A Calvinist and a Catholic walked into a bar…….October 17, 2010
Sister Maria Casey, from the Sisters of St Joseph, was in Rome when the announcement came from the Vatican and says Australians need a holy icon in the face of today’s hardships.
“We have the economic downturn, we have high unemployment, we have racial problems, we have the whole problem of reconciliation,” she said.
“I think Australians need an icon or a model of goodness and holiness at this time.”
~ Extract ABC News, December 2009
As Blessed Mary MacKillop is being given her gong as Saint in Rome, I would like to bring out of the footnotes of the MacKillop biographies, the fortysomething year friendship she enjoyed with Joanna Barr Smith (nee Elder): a Presbyterian and prominent hostess in Adelaide’s social circles who, bless her cotton socks, was never swayed to covert to Catholicism – despite Mary’s gentle proselytizing and private prayers that she could shepherdess Joanna back into the folds of the True Flock.
A true daughter of the Church, Mary was possessed with that ego-evangelical flaw of Catholic certainty that only Catholics get to go to Heaven. (As a true daughter of irreverent Australia, I wonder how long it took Mary to look over the brick wall…………..)
Joanna did her bit to safeguard Mary’s work than anyone would give her credit for. If Mary had been successful in converting Joanna, it would have been an Ego victory, a Shadow jewel in her crown, and also quite a coup to have ‘snagged’ the wife of such a wealthy and prominent man: a bustled silken bum warming the front row pew! I applaud Joanna’s resilience and certainty in her own role in Mary’s life: that of unconditional acceptance, friendship and support.
I do believe that Mary and Joanna were true anam cara to each other: two sides of the same coin. They had a beautiful Sacred Contract with each other and with the developing social and cultural landscape of Australia. Mary had the faith, the vision, the determination and one heck of a lot of clout from the cosmos (more about that later); and Joanna was perfectly positioned as the daughter of a wealthy man, the wife of a wealthy man, to provide the wealth, the networks – and as a member of early Australian merchant aristocracy – to pull some strings to get Mary and her Order the needful things for their work. Including a convent.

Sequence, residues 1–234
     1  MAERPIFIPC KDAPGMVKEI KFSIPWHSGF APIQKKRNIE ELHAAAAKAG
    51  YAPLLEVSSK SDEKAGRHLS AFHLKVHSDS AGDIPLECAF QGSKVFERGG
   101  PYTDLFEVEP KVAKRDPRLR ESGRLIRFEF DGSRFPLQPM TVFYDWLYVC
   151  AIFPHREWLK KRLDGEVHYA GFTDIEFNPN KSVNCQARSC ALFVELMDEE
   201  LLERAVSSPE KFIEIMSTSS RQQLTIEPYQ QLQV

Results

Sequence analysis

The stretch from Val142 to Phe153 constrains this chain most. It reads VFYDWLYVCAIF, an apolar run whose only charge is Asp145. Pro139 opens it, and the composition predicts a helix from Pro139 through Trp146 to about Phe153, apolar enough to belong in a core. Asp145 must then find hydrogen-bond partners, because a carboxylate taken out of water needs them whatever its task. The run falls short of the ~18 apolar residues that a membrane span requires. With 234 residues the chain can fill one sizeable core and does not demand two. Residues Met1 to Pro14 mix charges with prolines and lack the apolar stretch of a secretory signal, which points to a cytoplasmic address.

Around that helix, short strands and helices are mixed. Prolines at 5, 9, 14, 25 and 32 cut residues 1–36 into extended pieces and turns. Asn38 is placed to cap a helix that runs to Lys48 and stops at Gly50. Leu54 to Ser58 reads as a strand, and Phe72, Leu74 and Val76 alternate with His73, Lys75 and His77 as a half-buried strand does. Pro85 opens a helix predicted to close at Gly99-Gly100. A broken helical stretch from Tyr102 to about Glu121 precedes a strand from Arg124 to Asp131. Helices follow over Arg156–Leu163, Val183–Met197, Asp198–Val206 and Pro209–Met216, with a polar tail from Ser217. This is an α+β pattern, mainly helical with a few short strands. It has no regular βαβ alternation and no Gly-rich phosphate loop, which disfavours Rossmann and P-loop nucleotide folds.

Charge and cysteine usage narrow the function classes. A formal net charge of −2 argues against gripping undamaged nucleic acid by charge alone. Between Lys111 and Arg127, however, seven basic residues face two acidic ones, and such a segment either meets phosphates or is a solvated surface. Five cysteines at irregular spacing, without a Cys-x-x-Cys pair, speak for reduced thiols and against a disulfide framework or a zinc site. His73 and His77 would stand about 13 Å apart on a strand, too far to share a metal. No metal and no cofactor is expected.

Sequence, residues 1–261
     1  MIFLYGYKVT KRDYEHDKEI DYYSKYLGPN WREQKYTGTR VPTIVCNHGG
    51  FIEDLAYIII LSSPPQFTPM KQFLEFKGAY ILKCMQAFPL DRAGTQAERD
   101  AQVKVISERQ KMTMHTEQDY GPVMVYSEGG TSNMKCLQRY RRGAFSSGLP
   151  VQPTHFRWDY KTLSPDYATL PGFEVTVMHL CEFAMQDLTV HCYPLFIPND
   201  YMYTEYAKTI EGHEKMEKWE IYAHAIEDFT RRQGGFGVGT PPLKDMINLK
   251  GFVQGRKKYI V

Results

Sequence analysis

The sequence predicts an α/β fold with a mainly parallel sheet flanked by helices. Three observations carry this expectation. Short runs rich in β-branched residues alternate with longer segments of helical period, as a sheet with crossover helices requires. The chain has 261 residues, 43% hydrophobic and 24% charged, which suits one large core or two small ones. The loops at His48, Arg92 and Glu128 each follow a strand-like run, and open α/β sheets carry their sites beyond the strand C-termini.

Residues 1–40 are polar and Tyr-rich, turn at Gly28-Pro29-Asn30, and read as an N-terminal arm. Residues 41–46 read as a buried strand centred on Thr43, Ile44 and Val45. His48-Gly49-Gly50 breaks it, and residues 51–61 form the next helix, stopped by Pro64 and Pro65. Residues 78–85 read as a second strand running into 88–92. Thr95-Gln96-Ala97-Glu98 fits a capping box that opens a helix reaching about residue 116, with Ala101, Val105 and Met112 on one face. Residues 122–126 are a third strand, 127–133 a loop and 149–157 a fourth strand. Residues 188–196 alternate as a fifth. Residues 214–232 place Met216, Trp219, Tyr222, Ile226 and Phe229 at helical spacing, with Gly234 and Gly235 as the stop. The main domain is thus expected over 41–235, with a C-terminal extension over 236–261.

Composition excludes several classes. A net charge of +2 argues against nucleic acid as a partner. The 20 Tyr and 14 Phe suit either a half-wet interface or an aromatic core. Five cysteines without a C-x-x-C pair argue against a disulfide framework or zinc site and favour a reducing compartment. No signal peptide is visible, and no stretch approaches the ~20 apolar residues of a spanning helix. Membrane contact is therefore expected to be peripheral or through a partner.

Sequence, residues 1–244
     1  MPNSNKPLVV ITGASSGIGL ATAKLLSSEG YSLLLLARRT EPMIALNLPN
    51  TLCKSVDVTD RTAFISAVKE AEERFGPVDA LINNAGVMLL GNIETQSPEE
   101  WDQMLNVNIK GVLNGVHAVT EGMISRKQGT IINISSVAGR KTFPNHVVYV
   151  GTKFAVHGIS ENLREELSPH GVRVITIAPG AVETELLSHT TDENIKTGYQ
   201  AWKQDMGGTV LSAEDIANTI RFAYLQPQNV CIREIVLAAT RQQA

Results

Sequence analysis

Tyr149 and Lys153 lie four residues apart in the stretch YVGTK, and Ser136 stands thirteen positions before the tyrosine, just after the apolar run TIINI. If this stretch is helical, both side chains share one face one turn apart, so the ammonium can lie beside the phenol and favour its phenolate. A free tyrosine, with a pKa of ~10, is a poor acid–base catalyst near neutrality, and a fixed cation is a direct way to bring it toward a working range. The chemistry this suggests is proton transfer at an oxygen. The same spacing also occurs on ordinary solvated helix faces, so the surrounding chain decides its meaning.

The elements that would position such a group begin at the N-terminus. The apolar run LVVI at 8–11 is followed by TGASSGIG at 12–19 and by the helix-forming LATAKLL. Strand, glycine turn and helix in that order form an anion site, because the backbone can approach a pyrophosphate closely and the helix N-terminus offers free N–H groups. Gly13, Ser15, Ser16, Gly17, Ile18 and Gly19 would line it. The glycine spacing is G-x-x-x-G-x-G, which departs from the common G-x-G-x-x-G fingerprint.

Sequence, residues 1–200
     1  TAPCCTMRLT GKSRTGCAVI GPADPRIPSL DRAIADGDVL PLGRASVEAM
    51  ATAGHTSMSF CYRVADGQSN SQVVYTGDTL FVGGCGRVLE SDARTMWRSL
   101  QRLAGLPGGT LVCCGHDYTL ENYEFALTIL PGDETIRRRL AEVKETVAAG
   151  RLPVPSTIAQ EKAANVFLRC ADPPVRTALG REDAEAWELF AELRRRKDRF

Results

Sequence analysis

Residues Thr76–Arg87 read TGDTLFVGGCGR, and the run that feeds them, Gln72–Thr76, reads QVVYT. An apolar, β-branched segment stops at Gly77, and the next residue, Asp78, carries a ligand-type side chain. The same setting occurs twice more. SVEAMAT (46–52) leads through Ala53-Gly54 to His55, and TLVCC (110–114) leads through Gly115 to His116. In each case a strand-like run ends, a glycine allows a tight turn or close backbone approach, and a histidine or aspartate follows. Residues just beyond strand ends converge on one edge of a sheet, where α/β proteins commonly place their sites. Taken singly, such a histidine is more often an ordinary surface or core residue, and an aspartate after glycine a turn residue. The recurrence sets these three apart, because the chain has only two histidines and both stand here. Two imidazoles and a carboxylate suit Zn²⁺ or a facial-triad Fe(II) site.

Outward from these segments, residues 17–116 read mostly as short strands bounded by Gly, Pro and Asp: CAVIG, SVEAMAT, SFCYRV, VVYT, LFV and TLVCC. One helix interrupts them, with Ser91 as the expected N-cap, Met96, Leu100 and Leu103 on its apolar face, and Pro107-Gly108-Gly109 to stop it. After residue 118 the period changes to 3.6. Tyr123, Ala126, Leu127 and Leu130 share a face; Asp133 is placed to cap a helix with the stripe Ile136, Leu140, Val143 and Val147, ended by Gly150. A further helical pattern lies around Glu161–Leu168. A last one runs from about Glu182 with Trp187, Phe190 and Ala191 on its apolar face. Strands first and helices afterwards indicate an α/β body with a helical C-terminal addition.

Born Joanna Lang Elder on 11 October 1835 in Fife, Scotland (where my great-great grandmother was born), Joanna was the seventh child and youngest daughter of George Elder and Joanna Haddow Lang. The Elder Family, on arrival in Australia, would become wealthy pastoralists and public benefactors. Read more
Joanna would marry the son of another Scot-emigrant wealthy pastoralist in South Yarra, Melbourne on 15 April 1856, Robert Barr Smith, and her story would be buried under the achievements and career of her husband. However, if you know anything of the strength of 19th Century women and how influential the wife of wealthy man is, you will not dismiss Joanna as a ‘trophy wife’. Joanna would give birth to 13 children, six of whom died in infancy.
Joanna and Robert first met Mary in the 1860’s, when Sister Mary (as she was then called) first arrived in Adelaide. The Barr Smiths would be among Mary’s most liberal and consistent supporters of her work; her friendship with Joanna lasting until Mary’s passing in 1909.
Indeed, it was Joanna, at the age of 78 herself and a widow, who paid for Mary’s resting place when her remains were transferred from the Gore Hill Cemetary on 29 January 1914, to the Chapel of the Mount Street Convent, to be reinterred in front of the altar of the Blessed Virgin.
In a letter she wrote to Sister Mary when Mary was in Rome in 1873, Joanna says:
If this is your first visit to Rome, dear Sister Mary, what a rare enjoyment it will be to you. There you have so many means of enjoying it that other people have not. Your habit will be an open sesame to you where my flounces and furbelows would be a bar to my entrance – for I have not abandoned yet the world, the flesh, and the devil – and still prefer a dress of silk to a gown of cotton”.
Don’t you just love a friend like that!!
Joanna passed to her well-earned rest on 23 October 1919, in Adelaide, twelve days after celebrating her 84th birthday. Let us light a candle for Joanna on the 23rd of October – I know Mary would like her dearest and dauntless daughter of desires to be remembered, because no Saint is an island.